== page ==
First, there was a deal with second-hand titan ThredUp. Last year, the resale-up of Saks Off Fifth followed. Now Rent the Runway has another revenue-boosting partnership, a first for the emerging rental pioneer.
Amazon Fashion’s new storefront, which opened for business Thursday, brings RTR’s wares to the e-commerce giant’s throngs of shoppers who increasingly use the platform to discover new brands. What’s new is that the arrangement not only includes items in good condition previously worn by RTR customers, but also gives Amazon its first crack at unworn fashion created through the Design Collective, a group of up-and-coming designers who conjure up clothing for the recent public. a company that laid off nearly a quarter of its employees in September.
When it called investors on earnings last month, RTR came up around the Amazon news. At the time, chief financial officer Scarlett O’Sullivan said the company had begun to wholesale some of its exclusive designs to an unnamed third party.
Data CEO Jenn Hyman told analysts on a December call what makes RTR’s products so attractive to potential partners.
“Our data is not just about what customers do on our site,” she said. “Our data is about how the item is actually worn. It’s about fitness. It’s about the quality of the product. It’s about production. How items should be produced. And we’ve seen that when we use data to make products, it renders best on our platform. I think other retailers have also recognized that our data provides a significant advantage and that it could be blockbusters on their sites as well, and have reached out to us.”
And data is nothing but Amazon’s first language.
Customer feedback from Rent the Runway reviews is at the heart of the Design Collective, which counts “Emily in Paris” star Ashley Park among its newest contributors, along with creatives like Ronny Kobo, Marina Moscone, Estaban Cortazar, Adam Lippes, Busayo and Peter. I am. RTR describes the collective as a platform where “up-and-coming designers, seasoned favorites and fashion icons” can turn insights from the company’s customers into on-trend designs that members want to wear.
But Forrester vice president and principal analyst Sucharita Kodali says the new relationship suggests RTR is “not operating from a position of strength” and has “essentially thrown in the towel.”
“I don’t know why you would give up the one asset you have, which is your customer data,” she said.
Kodali likens the deal to “the endgame of chess.” “You’re about to lose… so you give up your tower as a last ditch effort to delay… the end of the game,” she said.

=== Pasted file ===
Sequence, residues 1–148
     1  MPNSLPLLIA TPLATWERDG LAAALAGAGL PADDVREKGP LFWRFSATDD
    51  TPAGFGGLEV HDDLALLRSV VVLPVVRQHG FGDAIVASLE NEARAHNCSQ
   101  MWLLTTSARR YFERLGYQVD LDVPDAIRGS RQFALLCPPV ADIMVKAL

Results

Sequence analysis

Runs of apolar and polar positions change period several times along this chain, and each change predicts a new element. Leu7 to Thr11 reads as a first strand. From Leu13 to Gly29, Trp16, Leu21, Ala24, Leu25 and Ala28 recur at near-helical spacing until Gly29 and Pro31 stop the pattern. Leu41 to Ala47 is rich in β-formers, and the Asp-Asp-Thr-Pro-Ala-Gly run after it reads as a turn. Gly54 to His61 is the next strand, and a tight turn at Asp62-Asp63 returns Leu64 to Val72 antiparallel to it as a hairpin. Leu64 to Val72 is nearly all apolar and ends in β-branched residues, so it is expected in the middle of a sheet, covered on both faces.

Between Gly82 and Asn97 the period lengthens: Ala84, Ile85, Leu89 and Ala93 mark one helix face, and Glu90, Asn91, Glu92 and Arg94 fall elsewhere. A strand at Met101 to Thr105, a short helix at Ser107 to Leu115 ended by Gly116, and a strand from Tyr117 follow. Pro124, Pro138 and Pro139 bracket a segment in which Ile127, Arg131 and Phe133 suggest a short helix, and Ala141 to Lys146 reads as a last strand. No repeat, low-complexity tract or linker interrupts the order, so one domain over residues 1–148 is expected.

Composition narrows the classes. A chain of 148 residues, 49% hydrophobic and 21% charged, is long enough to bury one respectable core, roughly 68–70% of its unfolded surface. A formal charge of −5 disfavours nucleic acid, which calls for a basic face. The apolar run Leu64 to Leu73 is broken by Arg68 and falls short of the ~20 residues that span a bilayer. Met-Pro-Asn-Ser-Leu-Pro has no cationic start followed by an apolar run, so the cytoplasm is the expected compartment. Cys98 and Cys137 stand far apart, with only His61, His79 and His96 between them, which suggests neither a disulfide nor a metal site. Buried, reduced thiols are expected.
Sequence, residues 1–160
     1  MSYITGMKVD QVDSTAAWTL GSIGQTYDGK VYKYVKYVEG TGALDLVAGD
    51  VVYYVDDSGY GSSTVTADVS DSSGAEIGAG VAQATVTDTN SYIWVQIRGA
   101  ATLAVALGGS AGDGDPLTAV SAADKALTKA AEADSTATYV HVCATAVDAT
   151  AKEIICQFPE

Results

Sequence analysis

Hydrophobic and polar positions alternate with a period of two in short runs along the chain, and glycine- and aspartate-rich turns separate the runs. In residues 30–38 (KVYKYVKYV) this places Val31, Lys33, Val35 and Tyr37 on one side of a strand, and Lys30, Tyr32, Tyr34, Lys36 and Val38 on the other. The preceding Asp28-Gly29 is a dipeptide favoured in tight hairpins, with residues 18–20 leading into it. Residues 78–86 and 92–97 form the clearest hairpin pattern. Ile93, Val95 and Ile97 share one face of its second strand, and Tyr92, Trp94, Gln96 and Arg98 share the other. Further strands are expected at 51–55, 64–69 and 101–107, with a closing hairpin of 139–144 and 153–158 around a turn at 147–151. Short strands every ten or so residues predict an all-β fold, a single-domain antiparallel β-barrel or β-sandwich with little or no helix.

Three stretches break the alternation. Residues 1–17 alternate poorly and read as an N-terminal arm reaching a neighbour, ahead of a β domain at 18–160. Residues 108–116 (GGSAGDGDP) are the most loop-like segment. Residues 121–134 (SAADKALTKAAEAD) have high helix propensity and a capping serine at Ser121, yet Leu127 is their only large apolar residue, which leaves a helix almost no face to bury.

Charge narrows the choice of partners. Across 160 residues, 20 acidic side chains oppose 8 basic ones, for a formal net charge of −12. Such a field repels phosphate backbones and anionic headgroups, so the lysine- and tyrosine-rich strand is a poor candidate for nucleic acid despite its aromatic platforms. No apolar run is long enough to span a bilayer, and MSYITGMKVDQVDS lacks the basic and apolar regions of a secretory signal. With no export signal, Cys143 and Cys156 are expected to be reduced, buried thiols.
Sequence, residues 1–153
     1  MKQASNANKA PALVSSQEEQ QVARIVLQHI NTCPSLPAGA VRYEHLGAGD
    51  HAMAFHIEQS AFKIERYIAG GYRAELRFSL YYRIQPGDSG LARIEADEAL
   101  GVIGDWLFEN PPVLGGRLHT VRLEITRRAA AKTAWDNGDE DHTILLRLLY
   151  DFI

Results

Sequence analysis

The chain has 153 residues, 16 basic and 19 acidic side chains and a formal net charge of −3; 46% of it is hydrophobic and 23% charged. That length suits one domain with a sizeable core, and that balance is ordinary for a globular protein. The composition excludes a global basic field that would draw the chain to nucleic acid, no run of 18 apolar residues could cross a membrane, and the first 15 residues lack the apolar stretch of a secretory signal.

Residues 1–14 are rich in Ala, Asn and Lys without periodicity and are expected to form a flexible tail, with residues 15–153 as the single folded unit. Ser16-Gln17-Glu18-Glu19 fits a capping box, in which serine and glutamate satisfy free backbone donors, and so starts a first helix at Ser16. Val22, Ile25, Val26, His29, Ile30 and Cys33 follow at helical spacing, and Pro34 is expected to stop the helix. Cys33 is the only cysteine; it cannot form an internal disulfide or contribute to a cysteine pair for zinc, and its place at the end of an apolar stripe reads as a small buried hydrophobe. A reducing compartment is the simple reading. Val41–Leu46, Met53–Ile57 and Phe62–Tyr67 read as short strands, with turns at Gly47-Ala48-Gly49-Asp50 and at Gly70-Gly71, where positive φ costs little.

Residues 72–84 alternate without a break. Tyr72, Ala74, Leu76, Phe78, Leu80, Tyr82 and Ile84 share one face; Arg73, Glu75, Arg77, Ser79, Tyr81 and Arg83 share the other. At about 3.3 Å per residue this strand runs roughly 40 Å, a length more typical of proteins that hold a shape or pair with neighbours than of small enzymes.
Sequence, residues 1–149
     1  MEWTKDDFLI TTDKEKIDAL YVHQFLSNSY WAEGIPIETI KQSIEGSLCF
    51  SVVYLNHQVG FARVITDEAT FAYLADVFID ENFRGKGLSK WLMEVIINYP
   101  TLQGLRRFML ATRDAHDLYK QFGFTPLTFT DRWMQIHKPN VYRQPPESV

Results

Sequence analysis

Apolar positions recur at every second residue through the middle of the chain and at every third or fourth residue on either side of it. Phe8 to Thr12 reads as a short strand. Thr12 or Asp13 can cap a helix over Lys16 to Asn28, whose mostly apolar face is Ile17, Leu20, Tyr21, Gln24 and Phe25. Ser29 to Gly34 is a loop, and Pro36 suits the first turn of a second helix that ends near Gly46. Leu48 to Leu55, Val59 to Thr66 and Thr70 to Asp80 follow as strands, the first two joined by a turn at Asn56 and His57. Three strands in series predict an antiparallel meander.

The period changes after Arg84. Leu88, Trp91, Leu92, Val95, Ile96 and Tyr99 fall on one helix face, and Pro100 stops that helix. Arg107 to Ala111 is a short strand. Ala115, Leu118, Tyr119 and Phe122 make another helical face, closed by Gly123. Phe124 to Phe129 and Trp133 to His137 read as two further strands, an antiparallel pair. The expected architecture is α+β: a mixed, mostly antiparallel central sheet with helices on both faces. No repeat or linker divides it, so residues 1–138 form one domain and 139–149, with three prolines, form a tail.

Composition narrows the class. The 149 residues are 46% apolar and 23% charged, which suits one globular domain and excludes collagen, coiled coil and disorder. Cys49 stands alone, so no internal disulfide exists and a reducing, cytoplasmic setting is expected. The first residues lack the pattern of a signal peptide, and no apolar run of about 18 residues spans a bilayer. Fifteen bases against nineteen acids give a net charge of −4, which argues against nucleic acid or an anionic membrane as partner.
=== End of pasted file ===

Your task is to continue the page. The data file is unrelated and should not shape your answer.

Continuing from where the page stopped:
Additionally, the details of the arrangement suggest that Rent the Runway could be testing the waters to see if working with Amazon will pay off in the long run, she pointed out.
“I’m sure it’s a limited supply [Rent the Runway’s] a way to convince ourselves that it’s not that bad and you know, I’m not totally…prostitution, but the truth is, it is,” Kodali said. “Amazon is huge, it represents tons of customers, it’s where people start their search process more often than not, and if you can show up and get some units at a time when you don’t have the luxury of spending money to get your own customers—maybe too.”
Secondhand fashion is only a fraction of Amazon’s business, but its $86 billion resale potential makes it ripe for investment. Rounding out the RTR range is the digital juggernaut’s Shopbop curated collection of pre-owned luxury bags and accessories. And luxury vintage store What Goes Around Comes Around, which opened last year through Amazon’s luxury division, has everything from $7,150 Chanel handbags to $12,500 Rolex watches to $545 Hermès scarves looking for new owners .
“The Rent the Runway collection continues to expand our offering of popular and designer fashion,” said Muge Erdirik Dogan, President of Amazon Fashion.
The product launch through Amazon could maintain and even increase Rent the Runway’s sales momentum after the company finished the third quarter with $77.4 million in revenue, up 31 percent from the comparable quarter. It should be noted that while subscription and reserve rental revenue rose 27 percent, turnover from the “other” parts of the business jumped 83 percent, indicating a healthy growth trajectory.
“We believe strategic relationships like this can ignite a new growth engine for our business,” said Hyman. “They also showcase the demand for our products outside of our community and allow more customers to experience exclusive, data-driven fashion from our best design partners.”
However, customers accustomed to finding size-inclusive clothing from both Rent the Runway and Amazon Fashion may be frustrated by the less accommodating sizes available through the new partnership. While Amazon’s The Drop and “Making the Cut” regularly carry clothing in sizes 3X and up, and RTR carries a size 24W, many of the styles offered in both the pre-owned and Design Collective sections of the new store are coming out on the 16th.
Still, the 35 second-hand brands on offer—including Derek Lam and Rag & Bone—satisfy a range of lifestyle needs, from office wear to casual weekend wear. And the bottom line for the partners is that the connection helps each diversify their exposure and get in front of new audiences.
Time will tell if this arrangement has legs.
“Amazon seems happy to do business with anyone who is willing to supply them. And they seem happy to do business with anyone who is willing to share their customer base with them,” Kodali said. “You know, more power to Amazon for that. I just hope Rent the Runway recognizes[s]…why they do what they do and what they hope to gain from it.”